The people living in Mexic were as eccentric as its houses. There was Michael the shohet, walking slowly and seemingly counting his steps, and Bercze the melamed, fast of gait. ShloimehMotl always had the drayman's rope tied around the waist of his tall figure. And who doesn't remember Hamanieche, that humpbacked woman leaning on her stick with her face of a witch? The children were frightened by her penetrating eyes and her asthmatic cough.
Mexic worked hard. There was no hunger within its bounds; each man earned his livelihood as best he could. During the week the quarter hummed with the sound of machinery and the blows of the hammer, permeated with folk tunes. On winter nights, the folks filled pillows and cushions with feathers and down, or put up preserves. A tempting aroma of baking bread came from the houses, filling the air with its freshness.
The children went to cheder, and spent their playtime with the usual children's games. On Lag Baomer they used to go up the hill, opposite Jashinski's house, and light a bonfire. We call the hill Mount Sinai.
Mexic enjoyed the Sabbath rest and tranquility as did the other Jewish communities. The artisans wore their Sabbath best, long cloaks or caftans. After the noonday Sabbath meal, the women would gather on the balconies and chat about everything: the events of the day or stories drawn from talented fantasy.
Thus did the Jews of Mexic live, generation after generation, the picture and essence of the Jewish shtetl.
by Dr. Alexander Schwarzbard
I write this with an overflowing heart, as one who approaches his task with the sublimeness of prayer, as I look back to the tragic past. My mind's eye sees clearly everyone of that generation, destroyed by murderers. As I see this generation and the deep spirituality imbedded in our past, I invoke my memory and write a chapter of that past.
I begin with the small Tchortkow synagogue, where my father, Reb Zisiye b'Reb Refoel Schwarzbard of blessed memory, used to pray. This synagogue was located on the corner of an alley that led to the Mexic quarter, near the iron pump. Another entrance opened on to the market place. We went up a few wooden steps to a narrow doorway, and right there we were facing the Holy Ark. Heavy wooden benches with high backs were attached to the East Wall. On the walls hung brass chandeliers. Along the northern and southern walls stood long tables, and the worshippers sat around them. The table covering on the pulpit was encrusted with wax drippings.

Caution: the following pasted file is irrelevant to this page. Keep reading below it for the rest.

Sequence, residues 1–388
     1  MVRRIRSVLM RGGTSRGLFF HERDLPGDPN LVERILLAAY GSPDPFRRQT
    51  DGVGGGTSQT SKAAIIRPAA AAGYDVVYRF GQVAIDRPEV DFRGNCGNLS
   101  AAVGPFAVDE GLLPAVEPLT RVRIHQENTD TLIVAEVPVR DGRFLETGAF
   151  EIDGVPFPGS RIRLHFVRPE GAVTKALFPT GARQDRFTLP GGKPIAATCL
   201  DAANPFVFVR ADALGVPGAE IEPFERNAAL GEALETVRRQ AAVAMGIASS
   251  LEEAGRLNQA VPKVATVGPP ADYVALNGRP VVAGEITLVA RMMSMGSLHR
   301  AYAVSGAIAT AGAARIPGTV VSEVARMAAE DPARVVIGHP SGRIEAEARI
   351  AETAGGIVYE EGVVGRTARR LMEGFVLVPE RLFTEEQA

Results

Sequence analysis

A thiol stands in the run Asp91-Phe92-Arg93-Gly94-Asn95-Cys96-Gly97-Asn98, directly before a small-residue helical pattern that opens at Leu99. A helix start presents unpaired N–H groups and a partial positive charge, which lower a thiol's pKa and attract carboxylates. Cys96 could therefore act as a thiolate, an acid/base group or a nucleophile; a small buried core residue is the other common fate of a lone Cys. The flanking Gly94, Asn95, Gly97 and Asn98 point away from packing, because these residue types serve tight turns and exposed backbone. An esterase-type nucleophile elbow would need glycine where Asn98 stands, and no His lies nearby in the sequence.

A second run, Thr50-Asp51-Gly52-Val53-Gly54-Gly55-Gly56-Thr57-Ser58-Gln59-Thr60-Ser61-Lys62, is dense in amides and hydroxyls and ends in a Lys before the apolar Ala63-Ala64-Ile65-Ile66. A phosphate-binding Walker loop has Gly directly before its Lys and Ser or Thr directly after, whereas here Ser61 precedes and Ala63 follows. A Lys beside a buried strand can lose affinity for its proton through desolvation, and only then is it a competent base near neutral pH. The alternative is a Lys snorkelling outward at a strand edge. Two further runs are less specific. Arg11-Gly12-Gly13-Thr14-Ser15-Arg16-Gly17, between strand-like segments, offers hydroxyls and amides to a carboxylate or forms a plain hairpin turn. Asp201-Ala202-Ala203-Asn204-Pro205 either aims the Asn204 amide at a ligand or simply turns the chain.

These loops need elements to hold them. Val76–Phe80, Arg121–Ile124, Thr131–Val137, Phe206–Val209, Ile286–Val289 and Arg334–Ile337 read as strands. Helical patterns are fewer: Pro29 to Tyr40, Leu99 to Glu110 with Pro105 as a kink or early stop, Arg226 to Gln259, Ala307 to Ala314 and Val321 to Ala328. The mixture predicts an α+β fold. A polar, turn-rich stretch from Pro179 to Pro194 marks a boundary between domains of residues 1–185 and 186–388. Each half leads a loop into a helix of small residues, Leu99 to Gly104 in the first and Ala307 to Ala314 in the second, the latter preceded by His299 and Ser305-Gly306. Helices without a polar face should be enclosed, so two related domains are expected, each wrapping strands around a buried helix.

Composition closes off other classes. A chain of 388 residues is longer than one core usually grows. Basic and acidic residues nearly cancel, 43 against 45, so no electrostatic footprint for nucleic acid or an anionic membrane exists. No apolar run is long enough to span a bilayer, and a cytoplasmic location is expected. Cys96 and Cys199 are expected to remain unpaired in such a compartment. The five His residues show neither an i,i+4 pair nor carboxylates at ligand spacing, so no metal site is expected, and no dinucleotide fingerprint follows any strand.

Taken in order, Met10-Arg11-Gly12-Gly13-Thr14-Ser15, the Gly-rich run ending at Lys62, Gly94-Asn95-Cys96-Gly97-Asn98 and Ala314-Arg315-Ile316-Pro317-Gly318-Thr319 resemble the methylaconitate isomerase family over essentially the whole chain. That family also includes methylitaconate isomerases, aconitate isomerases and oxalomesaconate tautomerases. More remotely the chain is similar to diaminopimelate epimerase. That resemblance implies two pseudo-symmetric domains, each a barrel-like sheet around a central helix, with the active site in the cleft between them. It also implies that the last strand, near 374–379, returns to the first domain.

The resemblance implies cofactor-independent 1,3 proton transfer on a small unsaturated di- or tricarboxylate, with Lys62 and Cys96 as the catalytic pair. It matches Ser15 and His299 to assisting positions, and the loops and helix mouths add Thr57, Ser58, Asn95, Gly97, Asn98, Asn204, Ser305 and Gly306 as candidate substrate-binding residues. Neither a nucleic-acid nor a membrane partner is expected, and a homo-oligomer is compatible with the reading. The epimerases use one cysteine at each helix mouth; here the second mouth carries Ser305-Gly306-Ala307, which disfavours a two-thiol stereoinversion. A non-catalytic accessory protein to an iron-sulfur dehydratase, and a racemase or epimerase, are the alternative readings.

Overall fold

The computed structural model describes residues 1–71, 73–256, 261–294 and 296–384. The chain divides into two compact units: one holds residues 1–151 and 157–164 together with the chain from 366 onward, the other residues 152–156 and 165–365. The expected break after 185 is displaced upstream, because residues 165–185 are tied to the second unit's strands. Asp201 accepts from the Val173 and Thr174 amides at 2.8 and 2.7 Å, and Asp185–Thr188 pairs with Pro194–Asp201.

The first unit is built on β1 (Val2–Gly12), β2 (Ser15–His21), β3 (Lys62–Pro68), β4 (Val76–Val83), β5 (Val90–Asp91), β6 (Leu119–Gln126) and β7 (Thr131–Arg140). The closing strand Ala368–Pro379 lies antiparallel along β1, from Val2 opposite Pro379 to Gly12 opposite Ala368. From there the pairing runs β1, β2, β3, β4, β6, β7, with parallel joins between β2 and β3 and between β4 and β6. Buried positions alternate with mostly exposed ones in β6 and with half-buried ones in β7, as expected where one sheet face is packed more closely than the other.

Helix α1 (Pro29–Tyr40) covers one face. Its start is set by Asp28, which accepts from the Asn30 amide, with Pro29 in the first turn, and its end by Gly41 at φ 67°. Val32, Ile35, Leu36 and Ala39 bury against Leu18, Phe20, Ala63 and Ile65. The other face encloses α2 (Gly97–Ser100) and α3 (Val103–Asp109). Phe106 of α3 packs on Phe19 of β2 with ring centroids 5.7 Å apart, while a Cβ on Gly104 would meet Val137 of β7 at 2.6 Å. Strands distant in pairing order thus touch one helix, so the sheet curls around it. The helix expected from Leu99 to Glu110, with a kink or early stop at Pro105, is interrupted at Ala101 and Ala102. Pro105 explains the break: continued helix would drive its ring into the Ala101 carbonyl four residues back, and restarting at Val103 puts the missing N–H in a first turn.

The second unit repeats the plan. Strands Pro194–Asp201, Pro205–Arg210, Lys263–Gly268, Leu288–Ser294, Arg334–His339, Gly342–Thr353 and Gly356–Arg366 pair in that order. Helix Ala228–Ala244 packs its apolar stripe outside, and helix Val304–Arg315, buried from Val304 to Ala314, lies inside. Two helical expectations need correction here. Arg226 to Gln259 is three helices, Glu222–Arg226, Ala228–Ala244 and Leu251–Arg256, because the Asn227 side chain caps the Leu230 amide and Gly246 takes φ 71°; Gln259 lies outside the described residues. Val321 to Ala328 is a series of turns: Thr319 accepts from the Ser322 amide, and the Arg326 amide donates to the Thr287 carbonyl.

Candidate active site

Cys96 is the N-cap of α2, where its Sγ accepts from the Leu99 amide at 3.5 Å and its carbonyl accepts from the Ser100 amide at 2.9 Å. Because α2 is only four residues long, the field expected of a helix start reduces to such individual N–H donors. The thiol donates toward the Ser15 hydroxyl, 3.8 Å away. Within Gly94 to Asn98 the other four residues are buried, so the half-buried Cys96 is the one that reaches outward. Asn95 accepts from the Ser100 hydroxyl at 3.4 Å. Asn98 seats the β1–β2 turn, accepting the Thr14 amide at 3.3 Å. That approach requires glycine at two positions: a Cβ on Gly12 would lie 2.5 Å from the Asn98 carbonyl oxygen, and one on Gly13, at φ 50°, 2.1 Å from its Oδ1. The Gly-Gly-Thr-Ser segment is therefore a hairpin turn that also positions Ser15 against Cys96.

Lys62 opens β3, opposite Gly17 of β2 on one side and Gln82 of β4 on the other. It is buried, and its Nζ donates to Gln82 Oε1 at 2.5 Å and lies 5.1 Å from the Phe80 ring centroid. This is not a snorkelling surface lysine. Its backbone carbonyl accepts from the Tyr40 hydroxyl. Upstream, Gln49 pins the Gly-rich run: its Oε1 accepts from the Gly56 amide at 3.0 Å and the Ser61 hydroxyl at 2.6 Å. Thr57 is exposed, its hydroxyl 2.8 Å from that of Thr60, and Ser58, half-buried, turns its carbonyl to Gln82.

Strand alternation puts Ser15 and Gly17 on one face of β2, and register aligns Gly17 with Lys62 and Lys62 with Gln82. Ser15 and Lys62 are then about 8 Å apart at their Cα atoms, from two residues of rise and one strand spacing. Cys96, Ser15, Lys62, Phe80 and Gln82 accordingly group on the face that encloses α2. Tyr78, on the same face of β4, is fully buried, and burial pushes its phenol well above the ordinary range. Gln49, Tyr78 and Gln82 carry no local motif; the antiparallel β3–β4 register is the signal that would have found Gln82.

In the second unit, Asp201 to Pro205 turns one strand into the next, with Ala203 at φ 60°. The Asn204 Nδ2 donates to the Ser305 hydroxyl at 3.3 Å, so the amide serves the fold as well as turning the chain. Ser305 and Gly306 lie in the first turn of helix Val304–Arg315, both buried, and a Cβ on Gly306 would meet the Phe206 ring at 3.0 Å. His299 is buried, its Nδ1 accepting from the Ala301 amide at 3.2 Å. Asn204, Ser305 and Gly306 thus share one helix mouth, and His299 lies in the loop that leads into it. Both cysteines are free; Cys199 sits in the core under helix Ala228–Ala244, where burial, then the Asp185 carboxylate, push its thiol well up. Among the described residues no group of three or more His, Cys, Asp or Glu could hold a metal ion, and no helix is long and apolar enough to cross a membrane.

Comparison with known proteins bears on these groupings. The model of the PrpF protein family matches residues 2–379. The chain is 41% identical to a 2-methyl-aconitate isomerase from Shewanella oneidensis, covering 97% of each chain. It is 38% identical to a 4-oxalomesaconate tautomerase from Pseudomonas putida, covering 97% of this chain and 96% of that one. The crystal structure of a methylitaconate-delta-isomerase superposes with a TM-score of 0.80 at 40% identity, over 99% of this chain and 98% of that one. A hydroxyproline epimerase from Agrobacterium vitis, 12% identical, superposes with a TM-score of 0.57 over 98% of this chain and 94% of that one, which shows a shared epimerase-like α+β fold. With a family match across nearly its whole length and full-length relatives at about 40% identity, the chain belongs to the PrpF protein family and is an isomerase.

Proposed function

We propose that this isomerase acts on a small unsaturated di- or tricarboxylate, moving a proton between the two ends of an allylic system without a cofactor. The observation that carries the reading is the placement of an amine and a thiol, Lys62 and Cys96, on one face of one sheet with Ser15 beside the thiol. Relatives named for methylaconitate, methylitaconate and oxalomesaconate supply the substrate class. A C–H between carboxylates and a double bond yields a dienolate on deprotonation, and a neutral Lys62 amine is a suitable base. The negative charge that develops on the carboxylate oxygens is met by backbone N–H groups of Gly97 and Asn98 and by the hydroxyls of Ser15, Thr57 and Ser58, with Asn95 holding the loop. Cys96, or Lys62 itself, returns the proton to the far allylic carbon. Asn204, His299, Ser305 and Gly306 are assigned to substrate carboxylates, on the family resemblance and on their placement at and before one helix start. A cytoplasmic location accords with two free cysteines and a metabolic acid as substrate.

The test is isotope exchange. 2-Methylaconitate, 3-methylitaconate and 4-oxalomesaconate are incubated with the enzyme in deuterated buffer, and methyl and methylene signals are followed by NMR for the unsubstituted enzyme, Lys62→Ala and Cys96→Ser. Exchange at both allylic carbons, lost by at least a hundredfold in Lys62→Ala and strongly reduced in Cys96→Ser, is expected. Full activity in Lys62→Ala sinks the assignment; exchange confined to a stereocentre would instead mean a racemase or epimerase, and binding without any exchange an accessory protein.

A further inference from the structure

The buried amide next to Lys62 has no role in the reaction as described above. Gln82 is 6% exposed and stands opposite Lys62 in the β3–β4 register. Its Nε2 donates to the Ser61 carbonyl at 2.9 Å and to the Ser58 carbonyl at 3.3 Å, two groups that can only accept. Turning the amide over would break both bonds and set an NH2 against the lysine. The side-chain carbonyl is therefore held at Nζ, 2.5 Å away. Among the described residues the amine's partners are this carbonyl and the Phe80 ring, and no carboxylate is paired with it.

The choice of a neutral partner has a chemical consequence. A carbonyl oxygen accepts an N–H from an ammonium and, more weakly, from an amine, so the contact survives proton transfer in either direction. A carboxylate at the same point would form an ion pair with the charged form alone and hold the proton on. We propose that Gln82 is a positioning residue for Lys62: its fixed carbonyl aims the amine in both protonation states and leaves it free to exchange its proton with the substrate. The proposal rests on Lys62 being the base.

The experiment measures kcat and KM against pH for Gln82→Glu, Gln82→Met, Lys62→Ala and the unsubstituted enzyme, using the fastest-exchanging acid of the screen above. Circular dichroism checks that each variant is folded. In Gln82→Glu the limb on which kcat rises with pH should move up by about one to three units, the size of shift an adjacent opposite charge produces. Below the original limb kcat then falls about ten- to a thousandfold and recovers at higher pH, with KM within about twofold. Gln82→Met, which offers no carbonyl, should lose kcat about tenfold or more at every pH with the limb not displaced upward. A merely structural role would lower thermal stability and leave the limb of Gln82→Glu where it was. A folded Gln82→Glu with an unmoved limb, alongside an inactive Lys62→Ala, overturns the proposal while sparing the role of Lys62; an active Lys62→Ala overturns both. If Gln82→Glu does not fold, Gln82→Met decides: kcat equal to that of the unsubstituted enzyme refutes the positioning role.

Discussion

On weekdays, the worshippers in this synagogue numbered hardly more than a minyan. But on the Sabbath Eve, this small house of worship underwent a transformation: it became spotlessly clean and illuminated. Hardworking laborers and prosperous merchants came together, in their Sabbath attire, and the inspiring spirit of the Sabbath lay on everyone's face, all but concealing the lines of anxiety about next week's sustenance.
The Main Synagogue was accessible from all sides. It was surrounded by the smaller shuls and shtiblech: the Old BetHamedrash, several shtiblech. A bit farther, past the meat markets and beyond, behind Hirsch Toren's house, was Reb Zissele's kloiz.
The Main Synagogue stood in splendor, high above the small houses surrounding it. The fa?ade wall was high and smooth, with rounded windows above; higher, in the upper part of the wall, a wide, heavy door closed off the corridor. In the narrow passageway leading to the women's section were the stretchers of the Hevra Kaddisha (Burial Society) and
the pile of discarded sacred books, too worn for use. This corner shed frightening gloom.
The daily minyan was made up mostly by the artisans and working folk. On the Sabbath the synagogue was attended also by the dignitaries; the intellectuals came once a year, for the High Holiday services.
The Synagogue also served as a house of assembly for mass meetings, elections, state occasions and national observances.
Yoshe the melamed would open the Synagogue door after striking it three times with his heavy iron key. Inside, the Synagogue looked higher than from the outside. The vaulted ceiling rested on cast pillars. It was adorned with the symbols of the Tribes, the holy chayot, and the like. A large brass chandelier was suspended from the center of the ceiling. The pulpit, made of wrought iron and adorned with special patterns, was elevated above the floor, with several steps leading up on two sides. To the east of the pulpit was the Reader's stand (amud), and in the indentation of the eastern wall was the tall Ark, covered with a purple curtain, embroidered with gold thread and silk to form words and a Star of David. The curtain was drawn aside with a light pull on the silken cord.